It has cost me tens of thousands of dollars to learn how NOT to write.
As a student of creative writing I study the fine and gentle art of word mongering. I love mongering the words. It’s important to know that part of learning how to write means learning how NOT to write. There are more rules than you might think when you become a wordmongerer.
EXCESSIVE USE OF SPICES (ADJECTIVES AND ADVERBS)
My happy, humming laptop slid rapidly and quickly off the comfy, cushy bed. I did not really drop, actually throw, quickly roll, mightily toss, or completely skip the smallish computer off the very tall bed. It really, really just slid.
It really, really slid from a softly puffing pillow top mattress onto an average grade slightly tired and walked on Walmart carpet and actually seized completely up. The thickly thick power cord bent extensively and a lot.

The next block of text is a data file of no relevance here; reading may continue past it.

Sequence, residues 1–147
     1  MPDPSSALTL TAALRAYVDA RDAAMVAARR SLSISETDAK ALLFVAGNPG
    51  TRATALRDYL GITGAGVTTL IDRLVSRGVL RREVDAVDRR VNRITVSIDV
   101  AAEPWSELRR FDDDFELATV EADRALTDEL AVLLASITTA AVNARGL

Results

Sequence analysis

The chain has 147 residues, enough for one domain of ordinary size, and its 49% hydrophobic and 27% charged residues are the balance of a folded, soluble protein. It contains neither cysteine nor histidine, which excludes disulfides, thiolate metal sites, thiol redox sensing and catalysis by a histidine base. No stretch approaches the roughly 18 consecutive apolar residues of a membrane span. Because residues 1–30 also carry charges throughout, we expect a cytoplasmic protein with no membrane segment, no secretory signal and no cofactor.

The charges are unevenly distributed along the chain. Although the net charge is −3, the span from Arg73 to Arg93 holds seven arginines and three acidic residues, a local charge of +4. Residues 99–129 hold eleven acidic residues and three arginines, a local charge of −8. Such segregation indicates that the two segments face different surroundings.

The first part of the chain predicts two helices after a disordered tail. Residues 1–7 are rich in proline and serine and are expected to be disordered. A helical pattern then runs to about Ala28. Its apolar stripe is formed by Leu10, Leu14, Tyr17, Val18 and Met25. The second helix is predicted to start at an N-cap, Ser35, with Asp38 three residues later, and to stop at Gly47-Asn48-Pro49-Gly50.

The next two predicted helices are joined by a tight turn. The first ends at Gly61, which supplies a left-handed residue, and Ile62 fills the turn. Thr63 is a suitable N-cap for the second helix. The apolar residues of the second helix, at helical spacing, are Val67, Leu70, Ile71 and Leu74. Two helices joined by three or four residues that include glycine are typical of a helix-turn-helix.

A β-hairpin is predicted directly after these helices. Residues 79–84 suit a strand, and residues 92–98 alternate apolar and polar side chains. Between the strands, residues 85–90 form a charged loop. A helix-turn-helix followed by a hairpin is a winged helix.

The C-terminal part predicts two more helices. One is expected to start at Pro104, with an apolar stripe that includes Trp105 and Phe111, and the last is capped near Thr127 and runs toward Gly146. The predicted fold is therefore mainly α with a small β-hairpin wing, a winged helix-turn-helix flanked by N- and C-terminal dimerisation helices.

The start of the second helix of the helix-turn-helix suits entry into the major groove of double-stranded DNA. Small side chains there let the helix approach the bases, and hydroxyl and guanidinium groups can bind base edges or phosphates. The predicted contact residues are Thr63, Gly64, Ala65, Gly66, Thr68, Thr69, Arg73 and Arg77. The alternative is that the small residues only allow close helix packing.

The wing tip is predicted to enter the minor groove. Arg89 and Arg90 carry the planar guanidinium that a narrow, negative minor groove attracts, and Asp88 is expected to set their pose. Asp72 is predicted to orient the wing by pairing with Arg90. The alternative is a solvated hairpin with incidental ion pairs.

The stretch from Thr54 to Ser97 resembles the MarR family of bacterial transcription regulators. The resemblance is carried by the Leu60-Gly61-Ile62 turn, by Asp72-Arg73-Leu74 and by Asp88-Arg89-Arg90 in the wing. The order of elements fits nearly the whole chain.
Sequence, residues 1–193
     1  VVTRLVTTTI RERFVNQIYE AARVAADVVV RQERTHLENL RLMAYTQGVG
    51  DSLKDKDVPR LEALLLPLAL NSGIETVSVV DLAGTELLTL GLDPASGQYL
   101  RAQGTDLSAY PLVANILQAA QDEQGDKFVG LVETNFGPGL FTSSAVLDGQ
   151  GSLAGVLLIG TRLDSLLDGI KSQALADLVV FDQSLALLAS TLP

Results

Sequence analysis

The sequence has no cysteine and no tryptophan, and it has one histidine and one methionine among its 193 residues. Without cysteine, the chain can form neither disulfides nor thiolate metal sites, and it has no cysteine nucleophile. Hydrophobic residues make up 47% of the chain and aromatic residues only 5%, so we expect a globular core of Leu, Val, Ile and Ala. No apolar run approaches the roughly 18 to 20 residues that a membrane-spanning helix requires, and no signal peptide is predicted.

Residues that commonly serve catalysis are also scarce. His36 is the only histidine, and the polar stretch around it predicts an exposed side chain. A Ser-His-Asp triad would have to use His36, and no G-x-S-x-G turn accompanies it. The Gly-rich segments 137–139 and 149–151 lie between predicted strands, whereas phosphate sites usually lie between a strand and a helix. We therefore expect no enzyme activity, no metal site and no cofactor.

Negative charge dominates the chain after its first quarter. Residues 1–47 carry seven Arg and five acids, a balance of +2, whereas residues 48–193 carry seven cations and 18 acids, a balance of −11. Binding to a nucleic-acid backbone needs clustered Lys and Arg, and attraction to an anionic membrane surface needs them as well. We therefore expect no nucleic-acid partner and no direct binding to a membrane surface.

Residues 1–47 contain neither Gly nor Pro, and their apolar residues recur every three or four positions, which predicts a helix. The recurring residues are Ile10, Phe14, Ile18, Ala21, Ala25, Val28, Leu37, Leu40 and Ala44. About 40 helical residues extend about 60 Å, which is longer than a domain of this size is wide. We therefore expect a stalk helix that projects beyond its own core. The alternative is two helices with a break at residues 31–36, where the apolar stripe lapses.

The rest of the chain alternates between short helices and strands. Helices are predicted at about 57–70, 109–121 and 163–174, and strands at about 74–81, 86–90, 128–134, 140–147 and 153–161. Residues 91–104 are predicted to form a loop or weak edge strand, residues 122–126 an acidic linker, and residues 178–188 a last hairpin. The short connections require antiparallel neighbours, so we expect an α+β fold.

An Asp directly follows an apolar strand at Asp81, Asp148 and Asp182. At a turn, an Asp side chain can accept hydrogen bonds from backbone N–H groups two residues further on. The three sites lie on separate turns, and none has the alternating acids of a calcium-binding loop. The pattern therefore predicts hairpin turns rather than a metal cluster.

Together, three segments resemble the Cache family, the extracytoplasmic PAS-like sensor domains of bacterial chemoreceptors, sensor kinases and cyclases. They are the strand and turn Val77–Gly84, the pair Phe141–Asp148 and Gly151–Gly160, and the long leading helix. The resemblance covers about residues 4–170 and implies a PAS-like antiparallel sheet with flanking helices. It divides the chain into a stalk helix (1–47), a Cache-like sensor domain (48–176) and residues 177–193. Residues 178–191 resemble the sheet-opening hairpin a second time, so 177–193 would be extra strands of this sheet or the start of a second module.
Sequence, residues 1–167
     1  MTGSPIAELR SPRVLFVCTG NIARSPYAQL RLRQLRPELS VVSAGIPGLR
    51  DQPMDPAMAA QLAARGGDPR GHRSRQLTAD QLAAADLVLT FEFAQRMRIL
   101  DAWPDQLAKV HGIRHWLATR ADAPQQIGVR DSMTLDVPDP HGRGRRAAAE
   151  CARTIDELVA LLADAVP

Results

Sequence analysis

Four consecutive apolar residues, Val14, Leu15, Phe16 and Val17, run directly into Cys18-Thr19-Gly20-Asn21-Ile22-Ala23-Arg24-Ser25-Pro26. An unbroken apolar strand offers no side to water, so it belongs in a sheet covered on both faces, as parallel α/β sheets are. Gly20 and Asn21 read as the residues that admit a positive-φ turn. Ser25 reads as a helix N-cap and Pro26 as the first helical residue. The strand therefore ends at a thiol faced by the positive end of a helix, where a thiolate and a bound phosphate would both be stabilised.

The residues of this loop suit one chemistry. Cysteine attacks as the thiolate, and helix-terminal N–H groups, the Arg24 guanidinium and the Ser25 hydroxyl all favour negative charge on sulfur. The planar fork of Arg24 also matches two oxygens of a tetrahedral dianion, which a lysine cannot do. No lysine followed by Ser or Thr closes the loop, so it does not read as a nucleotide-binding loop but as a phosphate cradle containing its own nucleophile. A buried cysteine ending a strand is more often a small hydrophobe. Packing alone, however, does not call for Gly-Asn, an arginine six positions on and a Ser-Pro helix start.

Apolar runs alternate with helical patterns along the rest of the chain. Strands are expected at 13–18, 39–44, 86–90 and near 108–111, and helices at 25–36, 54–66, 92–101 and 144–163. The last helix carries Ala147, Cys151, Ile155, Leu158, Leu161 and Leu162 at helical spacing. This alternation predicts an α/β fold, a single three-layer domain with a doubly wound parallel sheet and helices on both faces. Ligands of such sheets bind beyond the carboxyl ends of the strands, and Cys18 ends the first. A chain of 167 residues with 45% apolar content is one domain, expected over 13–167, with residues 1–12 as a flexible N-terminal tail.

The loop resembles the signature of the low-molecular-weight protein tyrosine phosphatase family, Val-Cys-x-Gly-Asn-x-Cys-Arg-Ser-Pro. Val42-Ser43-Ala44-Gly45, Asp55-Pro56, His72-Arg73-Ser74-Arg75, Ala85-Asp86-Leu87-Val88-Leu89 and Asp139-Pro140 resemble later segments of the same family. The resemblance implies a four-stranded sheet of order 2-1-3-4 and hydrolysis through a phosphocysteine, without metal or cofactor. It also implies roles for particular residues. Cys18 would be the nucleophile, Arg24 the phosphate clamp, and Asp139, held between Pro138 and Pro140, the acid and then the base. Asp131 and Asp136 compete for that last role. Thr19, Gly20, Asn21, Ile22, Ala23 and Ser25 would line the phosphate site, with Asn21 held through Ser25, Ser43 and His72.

FILTERING (ACCORDING TO JOHN GARDNER FILTERING IS THE NEEDLESS LOOKING THROUGH SOME OBSERVING
CONSCIOUSNESS IN WRITING.) YIKES! SOUNDS SERIOUS!
For Example: Turning, I saw my laptop slide off the bed.
Compare: I turned. The laptop slid off the bed. The screen went black, and I was a dead woman. This was the fifth laptop I’d killed with my bare hands.
TOO MANY HE SAID, SHE SAIDS.
“How could you drop your computer again?” he said, asked, or squalled at me like a wounded cat.
“I didn’t drop it. It slid,” I said.
“I did not drop it. It slid off, by itself,” I said again.
“Linda, laptops do not grow on trees,” he said like a big numb nut.
“Really!” I said, my voice sounding really, really mean. “Since when?”
“Now, you’re just being sarcastic,” he said.
Turning, I gave him my best and most evil eye stare. (Actually, that could be an example of filtering.)
There’s more stuff that I’ve learned, but I’m all tired out. Writing is hard. I need a nap.
Linda (Write Stuff) Zern